The present invention provides failsafe operation by controlling the flow of air to the parking brakes. Should the feedback member not be in the expected “engaged” position, pressurized air will be blocked from flowing to the parking brakes, and the heavy spring will not be released. Also, the pressurized air in the parking brakes will be vented to atmosphere. In this manner, air is still delivered to charge the reservoir. Moreover, should the parking brakes have been released when the pins move out of the engaged position, the parking brake will be immediately set.

Some warning, signal, etc., may also be sent to the operator such that he has an understanding of why the parking brakes are not released.

These and other features of the present invention can be best understood from the following specification and drawings, the following of which is a brief description.

BRIEF DESCRIPTION OF THE DRAWINGS

FIG. 1 is a view of the operative portions of the present invention.

FIG. 2 shows the locking pins in a non-engaged position.

FIG. 3A is a schematic representation of the present invention.

FIG. 3B shows another embodiment.

FIG. 4 shows yet another embodiment.

DETAILED DESCRIPTION OF THE PREFERRED EMBODIMENT

FIG. 1 shows a slider having an actuation element 22 for driving a torque tube 24. As is known, the torque tube 24 causes a bracket 26 to pivot. Bracket 26 pivots to change the position of a pair of links 28 and 30. Locking pins 130 are attached to links 28 and 30 and extend into frame rails 32 at each side of a trailer frame. As shown, there are a plurality of incrementally spaced holes 34 along the length of the frame rails 32. The locking pins 130 engage in a selected set of these holes to lock the slider to the frame rails 32 at a selected position. The locking pin may be mounted at 132 with a spring bias 134. This structure is as known, and is shown in a somewhat simplified manner in FIG. 1.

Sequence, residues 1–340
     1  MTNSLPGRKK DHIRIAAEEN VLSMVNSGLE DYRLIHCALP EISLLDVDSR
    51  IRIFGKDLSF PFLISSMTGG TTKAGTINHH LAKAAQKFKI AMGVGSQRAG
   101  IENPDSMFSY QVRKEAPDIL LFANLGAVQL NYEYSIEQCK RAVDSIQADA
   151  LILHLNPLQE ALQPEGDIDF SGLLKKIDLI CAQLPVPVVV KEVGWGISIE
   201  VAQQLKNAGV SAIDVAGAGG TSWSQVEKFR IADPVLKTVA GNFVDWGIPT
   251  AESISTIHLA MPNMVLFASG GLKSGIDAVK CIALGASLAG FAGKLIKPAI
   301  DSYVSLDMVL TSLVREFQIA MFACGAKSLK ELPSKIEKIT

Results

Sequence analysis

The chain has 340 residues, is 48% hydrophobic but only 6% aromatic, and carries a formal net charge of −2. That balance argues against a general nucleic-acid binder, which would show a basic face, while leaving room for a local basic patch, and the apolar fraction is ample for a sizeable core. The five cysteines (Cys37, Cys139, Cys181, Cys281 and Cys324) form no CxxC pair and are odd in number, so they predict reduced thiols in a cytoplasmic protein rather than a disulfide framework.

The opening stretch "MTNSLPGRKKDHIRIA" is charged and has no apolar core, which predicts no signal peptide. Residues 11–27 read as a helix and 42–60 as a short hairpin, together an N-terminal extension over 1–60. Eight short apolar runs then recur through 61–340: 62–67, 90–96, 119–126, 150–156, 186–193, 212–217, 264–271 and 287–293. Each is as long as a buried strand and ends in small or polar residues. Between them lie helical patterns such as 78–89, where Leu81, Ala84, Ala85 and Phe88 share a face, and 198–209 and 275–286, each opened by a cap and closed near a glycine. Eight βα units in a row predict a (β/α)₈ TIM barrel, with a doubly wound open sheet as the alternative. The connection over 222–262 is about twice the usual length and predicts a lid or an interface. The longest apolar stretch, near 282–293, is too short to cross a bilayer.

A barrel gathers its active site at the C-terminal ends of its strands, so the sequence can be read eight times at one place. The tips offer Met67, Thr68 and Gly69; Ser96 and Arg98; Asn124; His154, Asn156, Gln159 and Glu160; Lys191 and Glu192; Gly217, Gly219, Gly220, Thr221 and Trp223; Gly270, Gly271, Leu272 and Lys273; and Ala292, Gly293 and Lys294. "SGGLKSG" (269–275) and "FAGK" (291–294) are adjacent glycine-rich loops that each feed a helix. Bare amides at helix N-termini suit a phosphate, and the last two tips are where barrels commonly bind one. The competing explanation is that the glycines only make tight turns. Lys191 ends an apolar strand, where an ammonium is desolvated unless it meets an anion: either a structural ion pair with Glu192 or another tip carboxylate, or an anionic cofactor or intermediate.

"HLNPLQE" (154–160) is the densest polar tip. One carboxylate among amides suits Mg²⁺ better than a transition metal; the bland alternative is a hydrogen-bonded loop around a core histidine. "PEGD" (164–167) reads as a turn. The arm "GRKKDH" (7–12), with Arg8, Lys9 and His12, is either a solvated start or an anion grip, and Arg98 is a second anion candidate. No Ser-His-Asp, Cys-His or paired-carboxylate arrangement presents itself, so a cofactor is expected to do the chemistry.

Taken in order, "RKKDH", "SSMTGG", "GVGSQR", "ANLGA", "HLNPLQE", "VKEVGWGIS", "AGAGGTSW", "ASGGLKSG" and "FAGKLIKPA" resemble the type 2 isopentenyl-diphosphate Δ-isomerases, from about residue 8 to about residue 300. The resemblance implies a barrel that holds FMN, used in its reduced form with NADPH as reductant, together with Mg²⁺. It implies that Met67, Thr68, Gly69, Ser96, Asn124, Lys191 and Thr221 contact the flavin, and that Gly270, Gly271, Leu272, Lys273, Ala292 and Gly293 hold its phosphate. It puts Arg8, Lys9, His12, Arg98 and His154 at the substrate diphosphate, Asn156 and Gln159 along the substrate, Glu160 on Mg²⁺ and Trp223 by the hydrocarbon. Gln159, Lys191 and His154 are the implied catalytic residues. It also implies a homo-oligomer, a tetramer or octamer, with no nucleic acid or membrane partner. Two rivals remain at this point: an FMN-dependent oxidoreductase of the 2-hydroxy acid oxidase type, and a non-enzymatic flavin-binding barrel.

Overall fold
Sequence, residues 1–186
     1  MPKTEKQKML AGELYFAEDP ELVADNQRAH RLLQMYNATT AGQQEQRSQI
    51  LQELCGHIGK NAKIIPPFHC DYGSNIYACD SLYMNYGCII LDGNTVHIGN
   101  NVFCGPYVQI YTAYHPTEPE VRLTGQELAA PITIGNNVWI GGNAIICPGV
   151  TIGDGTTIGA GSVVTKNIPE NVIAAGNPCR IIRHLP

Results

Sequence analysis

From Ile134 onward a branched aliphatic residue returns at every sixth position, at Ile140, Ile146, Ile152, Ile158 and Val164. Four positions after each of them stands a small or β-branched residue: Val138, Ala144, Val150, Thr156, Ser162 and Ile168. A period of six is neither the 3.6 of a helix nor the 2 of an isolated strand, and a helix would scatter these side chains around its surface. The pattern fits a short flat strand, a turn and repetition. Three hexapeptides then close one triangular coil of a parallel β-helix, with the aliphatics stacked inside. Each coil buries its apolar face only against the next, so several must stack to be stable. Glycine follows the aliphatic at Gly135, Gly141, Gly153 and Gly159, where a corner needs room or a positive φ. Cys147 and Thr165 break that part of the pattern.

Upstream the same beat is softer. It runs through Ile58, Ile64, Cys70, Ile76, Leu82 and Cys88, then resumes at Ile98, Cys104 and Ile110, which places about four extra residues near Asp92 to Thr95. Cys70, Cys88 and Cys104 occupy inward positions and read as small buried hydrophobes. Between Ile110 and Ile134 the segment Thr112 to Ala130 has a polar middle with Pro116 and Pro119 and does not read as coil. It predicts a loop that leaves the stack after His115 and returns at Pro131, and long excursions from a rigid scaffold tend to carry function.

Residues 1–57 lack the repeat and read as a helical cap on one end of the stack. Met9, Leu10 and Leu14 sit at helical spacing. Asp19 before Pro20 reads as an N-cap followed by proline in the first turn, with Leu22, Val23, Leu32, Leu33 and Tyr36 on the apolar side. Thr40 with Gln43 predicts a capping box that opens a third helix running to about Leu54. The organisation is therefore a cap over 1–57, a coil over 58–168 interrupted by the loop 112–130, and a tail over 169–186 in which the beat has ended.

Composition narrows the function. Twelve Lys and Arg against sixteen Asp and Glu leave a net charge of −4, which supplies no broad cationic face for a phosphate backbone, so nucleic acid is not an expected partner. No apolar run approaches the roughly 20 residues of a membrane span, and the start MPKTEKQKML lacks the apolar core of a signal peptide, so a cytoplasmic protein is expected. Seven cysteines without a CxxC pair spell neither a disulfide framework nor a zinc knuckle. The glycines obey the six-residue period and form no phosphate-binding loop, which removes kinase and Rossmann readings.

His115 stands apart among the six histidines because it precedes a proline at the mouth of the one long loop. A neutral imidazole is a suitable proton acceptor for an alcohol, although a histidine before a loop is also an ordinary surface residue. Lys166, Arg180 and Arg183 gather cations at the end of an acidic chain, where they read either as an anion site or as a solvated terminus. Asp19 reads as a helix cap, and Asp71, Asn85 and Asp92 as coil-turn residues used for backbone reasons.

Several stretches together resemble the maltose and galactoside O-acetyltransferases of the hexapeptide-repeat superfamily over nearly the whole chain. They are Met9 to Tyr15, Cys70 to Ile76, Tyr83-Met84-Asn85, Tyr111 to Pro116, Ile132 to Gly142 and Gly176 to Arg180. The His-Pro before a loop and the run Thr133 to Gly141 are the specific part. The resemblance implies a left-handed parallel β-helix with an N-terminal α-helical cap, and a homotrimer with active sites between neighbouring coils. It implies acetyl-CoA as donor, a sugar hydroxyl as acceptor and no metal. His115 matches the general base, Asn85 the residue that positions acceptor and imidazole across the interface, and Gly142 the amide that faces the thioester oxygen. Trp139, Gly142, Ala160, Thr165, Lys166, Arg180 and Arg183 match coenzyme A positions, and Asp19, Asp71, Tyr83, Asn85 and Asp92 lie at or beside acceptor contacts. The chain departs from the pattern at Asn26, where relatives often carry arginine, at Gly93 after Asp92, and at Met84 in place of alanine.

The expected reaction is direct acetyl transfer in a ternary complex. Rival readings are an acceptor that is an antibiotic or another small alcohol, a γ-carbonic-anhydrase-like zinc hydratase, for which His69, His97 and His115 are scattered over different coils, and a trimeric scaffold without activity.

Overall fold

As also shown, a feedback member 36, shown as a lever, rotates with the torque tube 24. The feedback member 36 in turn causes a transmission member 38 to move upwardly and downwardly as torque tube 24 rotates. The member 38 causes a valve member 40 to pivot between a first position (FIG. 1) at which it allows flow of air through a parking brake interlock valve 42, and to a second position (FIG. 2) at which it dumps the pressurized air in the parking brakes to atmosphere.

As shown in FIG. 2, the actuation element 22 has now been pulled, and the feedback member 36 is in a distinct position. The locking pins 130 are not engaged in a hole 34. At this position, the valve 42 blocks flow of pressurized air to the parking brakes, instead venting air in the line 59 to the parking brakes to atmosphere.